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Stanford Twenty20 for 20: Stanford All-Stars team are Taylor-made for big payday

Twenty20 RSS / / 25 September 2008 /

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Andrew Hughes talks us through the household names like Chris Gayle, Chanderpaul and Jerome Taylor (pictured) as well as the lesser-known ones that will make up the Stanford All-Stars ahead of the biggest game in cricket history.

Since it was announced in the spring, the Stanford Twenty20 for Twenty has inspired acres of newspaper comment, most of it negative. Traditionalists, already aghast at the very idea of Twenty20 cricket are repelled by the vast amounts of cash on offer. What about the effect on morale? What about those who miss out? Even the English players have been at pains to downplay the motivating effect of all that lucre.

But Allen Stanford doesn't care. He is convinced that Twenty20 is the future and he has hitched his business wagon to it. Even the latest kerfuffle about sponsorship with Digicel slapping an injunction on the game is unlikely to derail it. Part exhibition match, part gameshow, this strange looking event is another pawn on the gameboard of global cricket politics.

But underneath the hype and hyperventilation, there is a cricket match and whenever bat meets ball, there's a chance for the informed punter to make money. My Betfair colleague Ed Hawkins has already given you the definitive analysis of the English squad (link ) so today we're taking a look at their opponents, the Stanford Superstars.

'Superstar' is of course a relative term. Aside from Chris Gayle, Shivnarine Chanderpaul and Ramnaresh Sarwan, this is not a stellar cast, indeed if he weren't from Texas, you might suspect Mr Stanford of perpetrating a huge irony. But this won't be the usual lacklustre West Indies outfit. The seventeen man squad was named after some intensive training and a series of hard-fought practice games. And we shouldn't forget that most of these players are paupers by comparison with their English opponents. A million dollars goes a long way.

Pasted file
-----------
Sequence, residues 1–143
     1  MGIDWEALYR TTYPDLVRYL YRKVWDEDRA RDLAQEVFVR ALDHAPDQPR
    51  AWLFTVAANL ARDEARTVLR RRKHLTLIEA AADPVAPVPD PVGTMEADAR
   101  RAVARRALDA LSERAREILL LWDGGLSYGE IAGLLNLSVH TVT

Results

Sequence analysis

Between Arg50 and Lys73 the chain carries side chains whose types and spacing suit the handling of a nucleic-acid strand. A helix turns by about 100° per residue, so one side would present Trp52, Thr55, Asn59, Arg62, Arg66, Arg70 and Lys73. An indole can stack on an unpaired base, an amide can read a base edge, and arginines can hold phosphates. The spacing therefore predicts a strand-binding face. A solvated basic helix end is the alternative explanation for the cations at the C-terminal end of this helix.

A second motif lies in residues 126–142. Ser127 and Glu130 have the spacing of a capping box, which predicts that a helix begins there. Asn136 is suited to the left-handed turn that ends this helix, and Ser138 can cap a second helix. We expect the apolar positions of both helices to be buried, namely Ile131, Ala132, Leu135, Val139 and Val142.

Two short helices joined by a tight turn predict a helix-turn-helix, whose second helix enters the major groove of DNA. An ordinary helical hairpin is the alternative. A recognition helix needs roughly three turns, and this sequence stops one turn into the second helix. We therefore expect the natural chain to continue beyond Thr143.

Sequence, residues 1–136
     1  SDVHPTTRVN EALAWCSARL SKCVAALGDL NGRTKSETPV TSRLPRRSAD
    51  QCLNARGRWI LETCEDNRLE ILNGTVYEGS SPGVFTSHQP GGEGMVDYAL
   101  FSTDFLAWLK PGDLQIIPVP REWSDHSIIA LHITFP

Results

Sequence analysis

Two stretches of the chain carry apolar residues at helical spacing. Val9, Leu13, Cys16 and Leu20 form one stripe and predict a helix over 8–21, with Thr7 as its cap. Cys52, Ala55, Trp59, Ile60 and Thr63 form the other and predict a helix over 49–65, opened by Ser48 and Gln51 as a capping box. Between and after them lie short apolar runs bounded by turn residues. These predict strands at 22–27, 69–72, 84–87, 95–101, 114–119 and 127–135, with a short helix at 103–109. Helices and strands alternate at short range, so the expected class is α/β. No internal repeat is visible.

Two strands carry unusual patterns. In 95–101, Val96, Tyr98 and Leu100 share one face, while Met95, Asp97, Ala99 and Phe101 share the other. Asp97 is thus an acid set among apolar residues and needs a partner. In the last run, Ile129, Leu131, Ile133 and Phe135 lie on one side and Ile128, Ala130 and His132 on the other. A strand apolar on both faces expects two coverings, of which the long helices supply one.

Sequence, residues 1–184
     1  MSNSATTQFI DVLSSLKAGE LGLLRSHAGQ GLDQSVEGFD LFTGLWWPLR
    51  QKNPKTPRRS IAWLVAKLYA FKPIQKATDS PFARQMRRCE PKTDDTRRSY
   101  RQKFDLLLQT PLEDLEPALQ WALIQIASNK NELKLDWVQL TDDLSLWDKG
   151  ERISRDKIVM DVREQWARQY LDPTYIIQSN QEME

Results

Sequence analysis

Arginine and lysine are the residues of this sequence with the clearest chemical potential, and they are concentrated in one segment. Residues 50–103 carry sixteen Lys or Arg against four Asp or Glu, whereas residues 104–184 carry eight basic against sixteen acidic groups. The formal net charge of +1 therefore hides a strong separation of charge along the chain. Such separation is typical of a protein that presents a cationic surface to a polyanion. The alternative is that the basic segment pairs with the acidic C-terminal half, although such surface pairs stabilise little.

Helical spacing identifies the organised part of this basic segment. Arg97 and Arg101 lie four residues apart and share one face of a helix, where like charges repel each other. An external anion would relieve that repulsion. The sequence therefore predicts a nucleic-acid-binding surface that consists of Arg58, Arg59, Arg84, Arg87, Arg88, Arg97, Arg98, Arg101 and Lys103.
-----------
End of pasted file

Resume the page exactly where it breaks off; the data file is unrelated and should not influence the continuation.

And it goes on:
If they are to claim the prize though, they will rely on the old hands. Gayle is one of the most destructive batsmen in the world and capable, if in the mood, of winning the game on his own. Sarwan impressed in the practice games and he will be both finisher and the man to hold the innings together in the event of early setbacks. Jerome Taylor is the classiest bowler in the side and his pace could cause havoc.

The rest of the squad is made up of fringe internationals and a number of players who've made their name in the domestic Stanford Twenty20 tournament. Exciting opener Xavier Marshall will not be there, having failed a drugs test, but there are others to look out for, such as Trinidad's Kieran Pollard, a strapping all-rounder who gives the ball a hefty whack and bowls a decent line in medium pace containment. I like the look of big hitting wicket-keeper Andre Fletcher and left-armer Dave Mohammed, who's nagging spin bowling earned him the man of the match award in this year's Stanford Twenty20 Final.

Dwayne Bravo's injury means they will probably want to play an extra batsman and former Antiguan captain Sylvester Joseph is the most likely candidate. With Gayle likely to open with Fletcher, Joseph will come in at five after Chanderpaul and Sarwan. They could play as many as three all-rounders in the middle order, with Pollard followed by Darren Sammy and veteran Lennox Cush, a US resident who offers some tight off spin.

Of the contenders to support Jerome Taylor, Daren Powell is in danger of being overtaken, by either Rayad Emrit, an accurate seamer from Trinidad who also knows which end of the bat is which or Chad Hampson, a young quick from Antigua who came from nowhere and looked pretty impressive in the practice games. They are also likely to find room for one of their two spinners, either Dave Mohammed or Sulieman Benn of Barbados, both capable of bowling with miserly economy.

West Indies cricket may be at the lowest ebb in its history, but Twenty20 is a great leveller and this is a team capable of causing England some problems, with a nice balance of big hitters and plentiful bowling options. KP's men are currently big favourites at [1.69] but the IPL should have taught us the dangers of taking short odds about any team in this volatile format. The [2.28] on offer about the Superstars looks quite tempting.

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